EU demands protection against US data surveillance
Commissioner Viviane Reding wants citizens to have right to sue in US if personal data misused
EU justice commissioner Viviane Reding said she expects to see legislative change in place in the US sooner rather than later. Photograph: Matt Kavanagh/The Irish Times
The European Commission today called for new protection for Europeans under US law against misuse of personal data, in an attempt to keep in check the US surveillance revealed by former NSA contractor Edward Snowden.
“I have ... made clear that Europe expects to see the necessary legislative change in the US sooner rather than later, and in any case before summer 2014,” she said.
Ms Reding’s message was reinforced in a draft report obtained by Reuters that called for “very close attention by the EU” in monitoring data-exchange agreements given the “large-scale collection and processing of personal information under US surveillance programmes”.
The remarks underline a growing sense of unease in Europe at a delicate moment in transatlantic relations, when the globe’s two biggest economies seek a trade pact to deepen ties.
“EU citizens do not enjoy the same rights and procedural safeguards as Americans,” officials wrote, when exploring data transfers.
In the report, they highlighted the need for improving transparency in the ‘Safe Harbor’ scheme that allows companies in Europe who gather personal information about customers, for example, to send it to the United States.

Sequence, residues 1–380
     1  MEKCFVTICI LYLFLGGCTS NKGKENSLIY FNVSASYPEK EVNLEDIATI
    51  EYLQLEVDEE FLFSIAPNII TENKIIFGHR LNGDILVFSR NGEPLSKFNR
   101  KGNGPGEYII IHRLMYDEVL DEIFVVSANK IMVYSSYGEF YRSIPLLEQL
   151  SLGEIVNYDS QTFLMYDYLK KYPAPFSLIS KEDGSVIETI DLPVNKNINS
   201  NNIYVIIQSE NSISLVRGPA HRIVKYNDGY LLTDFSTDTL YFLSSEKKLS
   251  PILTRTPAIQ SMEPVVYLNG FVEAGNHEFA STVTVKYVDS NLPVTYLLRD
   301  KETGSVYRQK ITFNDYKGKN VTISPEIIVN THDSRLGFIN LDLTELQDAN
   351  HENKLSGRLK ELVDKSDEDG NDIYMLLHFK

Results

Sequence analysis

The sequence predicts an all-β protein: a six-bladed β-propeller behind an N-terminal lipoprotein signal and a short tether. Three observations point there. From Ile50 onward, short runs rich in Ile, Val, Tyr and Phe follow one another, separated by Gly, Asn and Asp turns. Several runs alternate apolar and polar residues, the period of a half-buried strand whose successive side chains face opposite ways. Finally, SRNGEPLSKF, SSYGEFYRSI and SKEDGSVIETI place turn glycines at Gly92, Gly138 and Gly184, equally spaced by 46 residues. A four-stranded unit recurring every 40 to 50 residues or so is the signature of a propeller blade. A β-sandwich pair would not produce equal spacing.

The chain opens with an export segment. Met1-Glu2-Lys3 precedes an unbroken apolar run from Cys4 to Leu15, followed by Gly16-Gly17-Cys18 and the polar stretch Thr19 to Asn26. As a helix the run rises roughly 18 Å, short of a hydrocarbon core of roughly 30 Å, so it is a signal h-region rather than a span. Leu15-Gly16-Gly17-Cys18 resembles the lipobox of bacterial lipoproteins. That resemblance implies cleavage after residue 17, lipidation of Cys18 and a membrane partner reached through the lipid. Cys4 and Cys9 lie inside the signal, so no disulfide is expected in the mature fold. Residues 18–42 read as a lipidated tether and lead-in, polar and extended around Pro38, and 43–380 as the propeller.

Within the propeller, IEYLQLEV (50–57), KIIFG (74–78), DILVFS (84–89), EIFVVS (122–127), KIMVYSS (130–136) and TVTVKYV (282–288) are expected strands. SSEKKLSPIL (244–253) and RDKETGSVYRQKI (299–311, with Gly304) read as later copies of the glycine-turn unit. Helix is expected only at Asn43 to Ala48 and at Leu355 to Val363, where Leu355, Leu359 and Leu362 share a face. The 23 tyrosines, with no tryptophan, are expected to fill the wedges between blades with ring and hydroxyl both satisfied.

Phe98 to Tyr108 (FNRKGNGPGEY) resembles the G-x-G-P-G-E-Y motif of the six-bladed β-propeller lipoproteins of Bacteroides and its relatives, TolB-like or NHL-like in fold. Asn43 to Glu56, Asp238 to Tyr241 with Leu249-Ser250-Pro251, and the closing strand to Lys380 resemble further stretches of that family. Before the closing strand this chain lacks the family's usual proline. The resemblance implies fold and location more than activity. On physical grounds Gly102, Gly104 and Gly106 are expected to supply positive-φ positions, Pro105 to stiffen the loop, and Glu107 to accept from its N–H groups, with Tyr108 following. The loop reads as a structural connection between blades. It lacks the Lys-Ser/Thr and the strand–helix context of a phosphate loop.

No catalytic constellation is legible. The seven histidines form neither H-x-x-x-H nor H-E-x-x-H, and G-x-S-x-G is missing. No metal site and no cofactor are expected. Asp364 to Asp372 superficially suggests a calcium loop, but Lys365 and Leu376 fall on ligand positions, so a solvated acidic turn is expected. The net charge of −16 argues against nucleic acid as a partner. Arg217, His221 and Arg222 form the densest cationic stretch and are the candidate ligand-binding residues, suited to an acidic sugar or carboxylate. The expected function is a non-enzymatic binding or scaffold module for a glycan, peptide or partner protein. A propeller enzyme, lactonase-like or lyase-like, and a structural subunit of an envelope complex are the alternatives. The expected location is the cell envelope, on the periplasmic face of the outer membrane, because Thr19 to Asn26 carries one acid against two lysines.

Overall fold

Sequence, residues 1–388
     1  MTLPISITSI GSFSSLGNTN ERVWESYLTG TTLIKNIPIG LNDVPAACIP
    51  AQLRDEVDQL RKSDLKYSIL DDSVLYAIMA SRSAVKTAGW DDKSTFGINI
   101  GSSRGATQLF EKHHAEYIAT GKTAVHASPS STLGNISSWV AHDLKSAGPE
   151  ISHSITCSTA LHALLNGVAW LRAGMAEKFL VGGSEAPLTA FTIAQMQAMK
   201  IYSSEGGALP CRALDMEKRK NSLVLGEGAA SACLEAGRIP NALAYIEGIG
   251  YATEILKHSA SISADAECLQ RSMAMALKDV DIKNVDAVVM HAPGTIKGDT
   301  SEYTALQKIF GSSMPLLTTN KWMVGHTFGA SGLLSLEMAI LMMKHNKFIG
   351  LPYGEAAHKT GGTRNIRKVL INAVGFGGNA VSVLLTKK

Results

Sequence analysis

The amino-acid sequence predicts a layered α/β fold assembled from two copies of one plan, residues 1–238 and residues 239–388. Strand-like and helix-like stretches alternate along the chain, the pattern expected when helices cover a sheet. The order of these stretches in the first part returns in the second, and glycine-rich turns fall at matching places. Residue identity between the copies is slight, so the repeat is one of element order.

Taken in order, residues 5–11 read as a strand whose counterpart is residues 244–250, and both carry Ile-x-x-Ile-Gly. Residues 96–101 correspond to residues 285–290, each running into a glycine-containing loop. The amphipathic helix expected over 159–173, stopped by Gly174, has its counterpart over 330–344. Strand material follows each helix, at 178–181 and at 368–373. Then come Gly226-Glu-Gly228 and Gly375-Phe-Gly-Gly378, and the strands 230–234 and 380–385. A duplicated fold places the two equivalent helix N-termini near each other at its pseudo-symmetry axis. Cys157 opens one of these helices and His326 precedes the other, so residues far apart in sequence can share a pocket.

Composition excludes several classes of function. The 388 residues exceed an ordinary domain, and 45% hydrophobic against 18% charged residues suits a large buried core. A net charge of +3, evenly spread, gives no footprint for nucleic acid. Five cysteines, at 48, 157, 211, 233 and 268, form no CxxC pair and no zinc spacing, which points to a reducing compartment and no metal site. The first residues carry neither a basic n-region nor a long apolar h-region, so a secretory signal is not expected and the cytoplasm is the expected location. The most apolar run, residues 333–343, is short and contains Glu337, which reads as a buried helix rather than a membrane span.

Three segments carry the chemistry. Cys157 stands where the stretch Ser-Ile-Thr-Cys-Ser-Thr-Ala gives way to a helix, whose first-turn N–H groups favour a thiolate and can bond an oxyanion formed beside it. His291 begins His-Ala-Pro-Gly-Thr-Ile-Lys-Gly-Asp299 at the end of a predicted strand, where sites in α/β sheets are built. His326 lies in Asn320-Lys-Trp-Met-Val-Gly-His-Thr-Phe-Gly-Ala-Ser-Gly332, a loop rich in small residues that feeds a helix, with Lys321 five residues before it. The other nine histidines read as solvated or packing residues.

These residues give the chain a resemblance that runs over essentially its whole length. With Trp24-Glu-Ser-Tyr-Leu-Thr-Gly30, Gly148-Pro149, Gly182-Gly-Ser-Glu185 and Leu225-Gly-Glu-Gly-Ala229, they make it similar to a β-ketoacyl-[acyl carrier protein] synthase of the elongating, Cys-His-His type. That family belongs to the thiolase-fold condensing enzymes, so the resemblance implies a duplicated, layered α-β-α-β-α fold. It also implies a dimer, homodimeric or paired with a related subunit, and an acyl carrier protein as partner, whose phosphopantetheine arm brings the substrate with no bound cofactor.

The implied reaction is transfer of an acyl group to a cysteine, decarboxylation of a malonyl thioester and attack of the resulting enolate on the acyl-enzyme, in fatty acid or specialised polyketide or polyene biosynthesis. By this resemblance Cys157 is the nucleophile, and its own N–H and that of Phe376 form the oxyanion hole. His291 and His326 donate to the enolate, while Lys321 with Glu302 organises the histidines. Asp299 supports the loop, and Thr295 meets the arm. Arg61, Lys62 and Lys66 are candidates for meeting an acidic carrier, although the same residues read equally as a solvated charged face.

But some believe that the stance of the EU’s executive, which writes laws for the 28 countries in the union, is feeble.
“We are an economic giant and we behave like a political midget,” said Sophie in ‘t Veld, a Dutch member of the European Parliament. “The commission and the member states are extremely timid and soft. They are failing their citizens.”
“It’s not a legal question,” she said. “It’s about Europe behaving like a politically self-confident entity.”
Ms In ‘t Veld is a member of the European Parliament’s civil liberties committee, which recently voted for a tougher data privacy regime in Europe.
That vote cleared the way for negotiations with member states, with the aim of having a new code of conduct agreed by May next year, the first fundamental updating of Europe’s data protection laws since 1995.
As well as stiff fines of up to €100 million for companies that break the rules, the new regime would oblige companies to seek consent before using personal information.
It would block data-sharing with non-EU countries unless approved by an EU supervisor and establish the “right to erasure” - the ability for consumers to request the deletion of their digital trace, including photographs, emails and Internet postings.
But Mark Watts of London law firm Bristows said Europe’s approach was misguided.
“The data protection regulation is not ambitious at all,” he said. “Much of it is based on old legislation before the world wide web even existed.”